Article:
On GovLoop Insights’ DorobekINSIDER:
- 85% of government contractors saw either flat or declining budgets in 2013. That staggering statistic is from a new study from Lohfeld Consulting. We find out what contributed to the decline and how contractors can adapt in 2014 with the Lohfeld CEO.
But up front: Could agencies have spending bills soon?
- GovExec: Lawmakers Nearing Deal on Appropriations. Congressional appropriators are very close to finishing a deal that would set the funding levels for each federal agency, according to multiple reports and lawmakers involved in negotiations. Vincent Morris, a spokesman for Sen. Barbara Mikulski, D-Md., chairwoman of the Senate Appropriations Committee, told reporters Monday that negotiators “hope to arrive at an agreement this week.” Senate and House lawmakers were hard at work while Congress was on recess, and they “made a lot of progress over the holidays,” Morris added. Lawmakers have until Jan. 15 -- when the current continuing resolution expires -- to reach a deal. Mikulski, and her House counterpart Rep. Hal Rogers, R-Ky., are trying to pass 12 separate bills collectively in an omnibus package that will mandate spending levels across government for the remainder of fiscal 2014.
The SEVEN headline stories that impact your life
- The Washington Post: Hoyer expects, but can’t promise, no federal employee furloughs in 2014. Rep. Steny Hoyer says agency budgets are tight, but he plans to seek a pay hike for wage-grade federal employees.
- Bloomberg News: Congress Makes NASA Finish Useless $350 Million Structure. NASA is completing a $350 million rocket engine testing stand at Stennis Space Center and then plans to mothball it because it has no useful purpose.
- Federal News Radio: GSA losing four key senior executives. They include CIO Casey Coleman, who is joining AT&T; GSA Deputy Administrator Susan Brita will retire March 14 after more than 30 years of government service; Sheila Campbell, GSA's director of the Center for Excellence in Digital Government in the Office of Citizen Services and Innovative Technologies, who is leaving to join the Peace Corps as its director for strategic and digital integration; and Kelly Olson, director of strategic initiatives and outreach in the Office of Citizen Services and Innovative Technologies, who will be joining Atlantic Media’s Government Executive to lead events.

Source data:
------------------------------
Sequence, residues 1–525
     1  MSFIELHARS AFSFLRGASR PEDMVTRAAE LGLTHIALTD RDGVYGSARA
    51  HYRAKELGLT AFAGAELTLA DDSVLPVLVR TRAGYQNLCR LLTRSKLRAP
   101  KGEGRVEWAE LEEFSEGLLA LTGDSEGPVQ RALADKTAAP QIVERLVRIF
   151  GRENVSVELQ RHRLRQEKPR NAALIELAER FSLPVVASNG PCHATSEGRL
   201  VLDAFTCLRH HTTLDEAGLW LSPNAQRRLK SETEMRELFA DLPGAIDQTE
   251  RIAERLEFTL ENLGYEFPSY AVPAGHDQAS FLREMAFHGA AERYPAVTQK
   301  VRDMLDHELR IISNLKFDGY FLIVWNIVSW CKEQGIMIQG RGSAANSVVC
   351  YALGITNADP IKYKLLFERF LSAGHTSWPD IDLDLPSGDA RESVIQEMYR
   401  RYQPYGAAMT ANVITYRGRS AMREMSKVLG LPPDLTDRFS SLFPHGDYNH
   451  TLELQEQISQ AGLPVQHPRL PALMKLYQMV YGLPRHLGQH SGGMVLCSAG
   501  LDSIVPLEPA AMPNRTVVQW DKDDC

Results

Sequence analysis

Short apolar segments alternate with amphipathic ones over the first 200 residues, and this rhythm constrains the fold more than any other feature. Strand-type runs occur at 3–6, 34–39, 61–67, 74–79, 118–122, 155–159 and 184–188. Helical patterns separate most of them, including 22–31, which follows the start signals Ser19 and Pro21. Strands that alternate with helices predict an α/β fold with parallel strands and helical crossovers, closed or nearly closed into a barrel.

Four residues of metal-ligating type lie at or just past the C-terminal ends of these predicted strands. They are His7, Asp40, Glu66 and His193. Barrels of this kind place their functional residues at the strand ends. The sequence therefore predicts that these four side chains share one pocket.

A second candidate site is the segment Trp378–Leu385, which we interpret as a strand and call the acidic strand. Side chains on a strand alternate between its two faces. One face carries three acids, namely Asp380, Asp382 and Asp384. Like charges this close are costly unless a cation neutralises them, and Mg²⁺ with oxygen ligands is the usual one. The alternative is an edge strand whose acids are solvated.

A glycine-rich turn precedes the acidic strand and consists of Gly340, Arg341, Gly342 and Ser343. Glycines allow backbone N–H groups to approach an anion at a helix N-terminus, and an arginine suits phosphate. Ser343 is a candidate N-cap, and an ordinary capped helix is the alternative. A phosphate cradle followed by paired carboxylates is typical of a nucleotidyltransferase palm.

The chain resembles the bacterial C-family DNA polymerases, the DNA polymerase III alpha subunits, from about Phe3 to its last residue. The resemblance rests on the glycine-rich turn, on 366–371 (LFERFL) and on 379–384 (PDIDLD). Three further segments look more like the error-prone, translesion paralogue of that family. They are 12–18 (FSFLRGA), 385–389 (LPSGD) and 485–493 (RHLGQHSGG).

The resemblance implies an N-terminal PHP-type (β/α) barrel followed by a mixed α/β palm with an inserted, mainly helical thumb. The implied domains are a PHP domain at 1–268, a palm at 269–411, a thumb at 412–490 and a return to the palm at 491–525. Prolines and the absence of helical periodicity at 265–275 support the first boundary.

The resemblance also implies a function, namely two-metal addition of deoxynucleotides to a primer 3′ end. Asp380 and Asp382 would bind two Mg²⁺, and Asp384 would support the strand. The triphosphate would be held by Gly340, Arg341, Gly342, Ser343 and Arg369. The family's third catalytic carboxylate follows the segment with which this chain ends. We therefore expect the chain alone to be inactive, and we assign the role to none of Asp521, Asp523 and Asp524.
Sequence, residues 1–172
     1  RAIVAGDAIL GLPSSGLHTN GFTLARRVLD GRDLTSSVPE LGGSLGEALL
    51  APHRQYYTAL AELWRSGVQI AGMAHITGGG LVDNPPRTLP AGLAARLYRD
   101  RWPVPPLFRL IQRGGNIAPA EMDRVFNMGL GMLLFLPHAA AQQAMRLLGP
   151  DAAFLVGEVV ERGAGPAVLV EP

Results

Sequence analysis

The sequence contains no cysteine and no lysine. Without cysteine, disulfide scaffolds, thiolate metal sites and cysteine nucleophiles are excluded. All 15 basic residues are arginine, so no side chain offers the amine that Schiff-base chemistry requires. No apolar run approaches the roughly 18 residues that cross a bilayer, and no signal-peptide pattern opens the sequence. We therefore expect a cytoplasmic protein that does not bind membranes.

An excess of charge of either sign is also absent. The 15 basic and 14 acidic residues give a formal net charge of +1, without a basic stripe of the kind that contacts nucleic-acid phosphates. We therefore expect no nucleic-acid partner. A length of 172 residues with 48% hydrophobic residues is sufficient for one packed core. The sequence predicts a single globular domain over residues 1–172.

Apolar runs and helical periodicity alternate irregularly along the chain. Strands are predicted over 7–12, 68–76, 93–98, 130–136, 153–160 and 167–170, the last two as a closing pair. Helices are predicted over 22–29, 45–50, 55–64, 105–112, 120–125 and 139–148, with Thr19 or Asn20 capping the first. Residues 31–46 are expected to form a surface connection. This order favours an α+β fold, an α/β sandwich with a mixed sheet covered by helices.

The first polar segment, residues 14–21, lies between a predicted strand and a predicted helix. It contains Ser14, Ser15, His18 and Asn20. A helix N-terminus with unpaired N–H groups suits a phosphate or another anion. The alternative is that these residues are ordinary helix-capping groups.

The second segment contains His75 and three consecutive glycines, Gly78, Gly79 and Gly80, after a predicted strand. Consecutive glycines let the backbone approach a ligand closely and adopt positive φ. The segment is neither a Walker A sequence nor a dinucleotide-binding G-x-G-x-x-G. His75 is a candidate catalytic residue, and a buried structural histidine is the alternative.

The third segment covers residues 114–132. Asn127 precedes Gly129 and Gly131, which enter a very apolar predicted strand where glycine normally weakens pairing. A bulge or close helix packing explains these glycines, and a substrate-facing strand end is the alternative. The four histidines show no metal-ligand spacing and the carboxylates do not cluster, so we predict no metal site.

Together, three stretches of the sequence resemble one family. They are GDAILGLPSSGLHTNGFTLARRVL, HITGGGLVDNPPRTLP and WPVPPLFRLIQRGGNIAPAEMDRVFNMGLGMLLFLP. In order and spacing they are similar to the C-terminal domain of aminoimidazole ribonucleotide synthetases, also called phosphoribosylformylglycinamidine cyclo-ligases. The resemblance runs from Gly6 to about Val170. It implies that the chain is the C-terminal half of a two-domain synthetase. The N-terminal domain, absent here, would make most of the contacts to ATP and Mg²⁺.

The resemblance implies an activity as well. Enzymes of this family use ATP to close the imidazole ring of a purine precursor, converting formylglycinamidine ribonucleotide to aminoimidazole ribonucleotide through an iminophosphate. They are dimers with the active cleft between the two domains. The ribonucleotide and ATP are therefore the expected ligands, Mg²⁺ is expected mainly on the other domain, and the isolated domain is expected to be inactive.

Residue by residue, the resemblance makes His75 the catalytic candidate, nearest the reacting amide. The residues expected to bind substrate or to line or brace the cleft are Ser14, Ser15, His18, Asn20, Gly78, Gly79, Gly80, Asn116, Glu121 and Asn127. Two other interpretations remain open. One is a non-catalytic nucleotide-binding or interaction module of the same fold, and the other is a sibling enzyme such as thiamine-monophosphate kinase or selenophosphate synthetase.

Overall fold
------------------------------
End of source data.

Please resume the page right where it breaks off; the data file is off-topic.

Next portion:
- FCW: IG nominee faces 'warring camps' at DHS. John Roth, President Barack Obama's pick to fill the vacant inspector general post at the Department of Homeland Security, is set to take the reins in a house divided, according to senators who quizzed him at a Jan. 8 confirmation hearing.
- Federal Times: Air Force seeks mobile security innovations. The Air Force is looking for innovative ways to secure smartphones and tablet computers without diminishing the devices’ nifty features and apps.
- NextGov: NIST PAID $16,500 FOR SPACE AT NOW-BOYCOTTED RSA CONFERENCE. The National Institute of Standards and Technology purchased a $16,500 booth at an RSA event that technologists are pulling out of in protest of the encryption company’s alleged deal with the National Security Agency to weaken products using a NIST-approved trapdoor.
- Federal Times: GAO knocks down OASIS protest. The Government Accountability Office has shot down a protest to the General Service’s Administration 10-year, multibillion dollar OASIS contract.
DorobekINSIDER water-cooler fodder
- Bulletin of the Atomic Scientist: Are new technologies undermining the laws of war? Today, emerging military technologies — including unmanned aerial vehicles, directed-energy weapons, lethal autonomous robots, and cyber weapons — raise the prospect of upheavals in military practice so fundamental that they challenge assumptions underlying long-established international laws of war, particularly those relating to the primacy of the state and the geographic bounds of warfare. But the laws of war have been developed over a long period, with commentary and input from many cultures. - Slashdot
- The New York Times: A Makeover for Maps. Maps and Charts Take New Forms as Data Floods In. With people uploading all kinds of data about the economy, weather and even their favorite sweaters, designers are straining for new ways to express information.
- Mashable: Mashable's Best Tech of CES 2014